(a) the very nature of spyware can make enforcement difficult because the presence of spyware can remain unknown.. In other words, if a person does not know that they are being affected by spyware, legislation that prevents or limits such software is unlikely to be utilised. To summarise this point, legislation is not useful where it protects rights that people do not know are being put at risk and therefore shows that it is hardly adequate from a prevention point of view and education or public awareness is a more practical solution;

(b) evidence gathering is difficult for law enforcement agencies and may result in privacy implications - for example, a full copy of a person’s hard disk may be needed to carry out a formal investigation. This may deter people from bring a complaint forward especially if there is anti-spyware software that is readily available - a non intrusive way to deal with spyware.
And some may argue that existing legislation is sufficient to deal with spyware. For instance, it is widely acknowledged that most jurisdictions in the developed world have extensive data protection and privacy legislation (and rights) to protect the privacy of individuals. However, even though privacy is one of the concerns of spyware, the privacy rights that already exist will not be utilised unless people know about the issue and know that it is effecting them in certain ways.Many people would suggest that the solution of the knowledge issue is to obtain consent through contractual means. For instance, why can’t it be included as part of an end user licence agreement? The answer is simply that if the spyware is disclosed to the user, it is unlikely that the average user would consent. It is our view that because of the extensive effects of spyware and its ability to gather substantial amounts of personal information without knowledge as to which person information is being gathered, consent through an end user licence agreement is inappropriate.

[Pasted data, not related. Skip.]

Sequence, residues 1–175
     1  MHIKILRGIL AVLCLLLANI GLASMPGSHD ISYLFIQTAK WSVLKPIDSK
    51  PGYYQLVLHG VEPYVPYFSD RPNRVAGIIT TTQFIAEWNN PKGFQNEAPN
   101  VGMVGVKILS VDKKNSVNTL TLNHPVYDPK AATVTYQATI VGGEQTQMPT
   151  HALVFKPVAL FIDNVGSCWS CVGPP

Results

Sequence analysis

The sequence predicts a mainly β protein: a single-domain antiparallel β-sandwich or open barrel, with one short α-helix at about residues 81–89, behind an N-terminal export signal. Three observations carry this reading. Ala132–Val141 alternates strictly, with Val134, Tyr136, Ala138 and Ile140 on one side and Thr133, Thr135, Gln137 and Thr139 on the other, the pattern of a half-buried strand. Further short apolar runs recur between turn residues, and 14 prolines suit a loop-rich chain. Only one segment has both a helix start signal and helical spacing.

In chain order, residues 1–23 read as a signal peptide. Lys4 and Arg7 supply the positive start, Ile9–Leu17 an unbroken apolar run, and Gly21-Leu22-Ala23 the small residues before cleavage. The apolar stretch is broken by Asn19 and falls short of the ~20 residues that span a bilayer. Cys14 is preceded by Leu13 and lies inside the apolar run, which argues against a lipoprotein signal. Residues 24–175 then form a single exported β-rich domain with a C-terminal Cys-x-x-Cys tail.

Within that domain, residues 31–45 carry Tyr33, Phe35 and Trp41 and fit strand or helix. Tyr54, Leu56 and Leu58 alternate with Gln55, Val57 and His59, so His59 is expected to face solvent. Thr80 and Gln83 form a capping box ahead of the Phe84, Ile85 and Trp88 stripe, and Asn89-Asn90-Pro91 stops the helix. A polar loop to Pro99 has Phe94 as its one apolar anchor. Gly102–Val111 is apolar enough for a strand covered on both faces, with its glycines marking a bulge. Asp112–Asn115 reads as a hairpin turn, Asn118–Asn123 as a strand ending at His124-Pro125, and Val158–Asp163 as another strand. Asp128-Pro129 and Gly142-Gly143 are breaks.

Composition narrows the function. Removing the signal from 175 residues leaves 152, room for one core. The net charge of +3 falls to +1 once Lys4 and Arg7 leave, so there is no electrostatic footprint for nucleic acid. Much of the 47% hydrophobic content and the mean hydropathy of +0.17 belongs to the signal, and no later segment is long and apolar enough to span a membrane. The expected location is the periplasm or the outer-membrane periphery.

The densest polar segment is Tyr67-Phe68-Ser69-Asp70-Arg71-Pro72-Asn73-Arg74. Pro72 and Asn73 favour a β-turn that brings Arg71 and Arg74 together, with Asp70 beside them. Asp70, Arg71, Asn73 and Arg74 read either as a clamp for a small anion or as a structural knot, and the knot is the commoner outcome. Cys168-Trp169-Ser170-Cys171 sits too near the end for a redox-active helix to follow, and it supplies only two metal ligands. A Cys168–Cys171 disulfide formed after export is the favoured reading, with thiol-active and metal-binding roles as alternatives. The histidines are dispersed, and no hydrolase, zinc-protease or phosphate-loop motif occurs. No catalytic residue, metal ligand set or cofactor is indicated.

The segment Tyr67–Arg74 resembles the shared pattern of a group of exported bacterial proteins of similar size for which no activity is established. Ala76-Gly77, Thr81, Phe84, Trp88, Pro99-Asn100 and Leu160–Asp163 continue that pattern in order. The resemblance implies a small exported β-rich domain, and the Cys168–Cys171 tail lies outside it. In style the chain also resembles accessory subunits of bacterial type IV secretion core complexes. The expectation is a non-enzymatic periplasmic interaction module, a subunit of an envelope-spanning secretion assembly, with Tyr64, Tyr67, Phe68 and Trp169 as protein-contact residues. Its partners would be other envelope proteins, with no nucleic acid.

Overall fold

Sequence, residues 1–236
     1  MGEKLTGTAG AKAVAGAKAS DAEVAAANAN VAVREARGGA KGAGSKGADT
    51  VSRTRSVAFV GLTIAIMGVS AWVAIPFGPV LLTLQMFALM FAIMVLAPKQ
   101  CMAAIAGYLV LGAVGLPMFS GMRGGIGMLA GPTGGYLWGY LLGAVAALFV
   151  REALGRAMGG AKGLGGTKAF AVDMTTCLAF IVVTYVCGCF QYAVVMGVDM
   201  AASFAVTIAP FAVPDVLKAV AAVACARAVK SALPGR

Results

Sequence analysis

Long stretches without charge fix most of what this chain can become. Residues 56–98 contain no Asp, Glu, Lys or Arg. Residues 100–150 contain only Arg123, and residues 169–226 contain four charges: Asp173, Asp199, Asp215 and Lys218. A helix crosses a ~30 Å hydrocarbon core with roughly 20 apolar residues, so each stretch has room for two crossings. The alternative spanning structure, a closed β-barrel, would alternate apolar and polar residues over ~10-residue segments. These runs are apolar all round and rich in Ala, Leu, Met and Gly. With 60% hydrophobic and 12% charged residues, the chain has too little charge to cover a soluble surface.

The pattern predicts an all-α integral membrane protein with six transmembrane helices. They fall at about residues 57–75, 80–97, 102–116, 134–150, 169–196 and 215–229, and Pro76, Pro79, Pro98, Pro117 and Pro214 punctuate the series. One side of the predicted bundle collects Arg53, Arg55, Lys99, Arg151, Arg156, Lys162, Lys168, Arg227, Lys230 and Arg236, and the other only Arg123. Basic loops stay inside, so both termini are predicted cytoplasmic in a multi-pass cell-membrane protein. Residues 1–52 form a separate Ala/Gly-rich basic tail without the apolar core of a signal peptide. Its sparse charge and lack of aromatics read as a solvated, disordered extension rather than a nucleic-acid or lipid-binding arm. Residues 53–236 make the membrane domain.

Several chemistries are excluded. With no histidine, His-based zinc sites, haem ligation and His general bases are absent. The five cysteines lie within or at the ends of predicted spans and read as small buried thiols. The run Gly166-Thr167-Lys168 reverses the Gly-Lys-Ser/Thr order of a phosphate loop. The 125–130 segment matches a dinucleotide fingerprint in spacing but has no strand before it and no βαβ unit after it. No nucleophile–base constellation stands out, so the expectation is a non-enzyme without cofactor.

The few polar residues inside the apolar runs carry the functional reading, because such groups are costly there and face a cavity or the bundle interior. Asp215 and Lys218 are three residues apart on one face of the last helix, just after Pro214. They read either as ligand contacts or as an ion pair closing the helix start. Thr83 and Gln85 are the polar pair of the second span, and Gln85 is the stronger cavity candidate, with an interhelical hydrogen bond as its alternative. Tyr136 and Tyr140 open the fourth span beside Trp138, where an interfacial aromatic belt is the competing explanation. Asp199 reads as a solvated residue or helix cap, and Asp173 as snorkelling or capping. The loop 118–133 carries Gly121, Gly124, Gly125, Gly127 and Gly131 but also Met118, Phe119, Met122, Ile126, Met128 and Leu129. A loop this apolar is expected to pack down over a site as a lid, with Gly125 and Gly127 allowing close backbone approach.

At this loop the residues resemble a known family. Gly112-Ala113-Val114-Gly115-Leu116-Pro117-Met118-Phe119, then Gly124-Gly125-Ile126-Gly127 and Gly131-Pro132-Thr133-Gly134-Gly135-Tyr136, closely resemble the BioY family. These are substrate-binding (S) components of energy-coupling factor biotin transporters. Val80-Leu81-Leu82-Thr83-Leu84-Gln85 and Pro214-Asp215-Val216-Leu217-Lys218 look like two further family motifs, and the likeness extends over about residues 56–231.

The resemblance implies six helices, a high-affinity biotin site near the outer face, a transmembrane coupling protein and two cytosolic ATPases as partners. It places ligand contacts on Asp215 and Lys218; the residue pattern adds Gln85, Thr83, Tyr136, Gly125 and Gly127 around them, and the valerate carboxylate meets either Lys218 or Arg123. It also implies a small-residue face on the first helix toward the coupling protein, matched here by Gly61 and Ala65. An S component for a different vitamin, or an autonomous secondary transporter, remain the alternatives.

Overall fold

More generally, legislation has a limited geographical field of application, with physical frontiers. It should be kept in mind that most spyware does not originate in Australia - what happens for example, if a company in a jurisdiction other than Australia causes spyware to be installed without the relevant notices and consents that Australian law requires? It will all depend on whether Australia asserts jurisdiction over that company, and if it does, whether a judgment can be enforced in Australia. This very issue goes back to the widely debated topic of jurisdiction and the Internet. Existing legal regimes struggle to fit into the realm of the new Internet medium, and there is really not much Australia can do except hope that other jurisdictions have legislative regimes (that are effective) to cope with the issue. Better still, we can hope that an international regime will come into play that brings consistency across the virtual world. Until then, understanding the existing legislative regimes is a useful start to combating the spyware phenomena.

4. The Current Situation in the US

Spyware has received more judicial attention in the US than in Australia, but still the number of spyware cases is low compared with the number of people potentially affected by spyware. One reason for this is because plaintiffs in the majority of cases, are forced to bring actions under existing legal regimes that are not entirely appropriate when applied to spyware actions. Three examples are the Consumer Fraud and Abuse Act, the Federal Trade Commission Act and the tort of trespass to chattels. Hopefully this trend will not extend to Australia given that the view in Australia is that existing legal regimes are sufficient to deal with malicious use of spyware.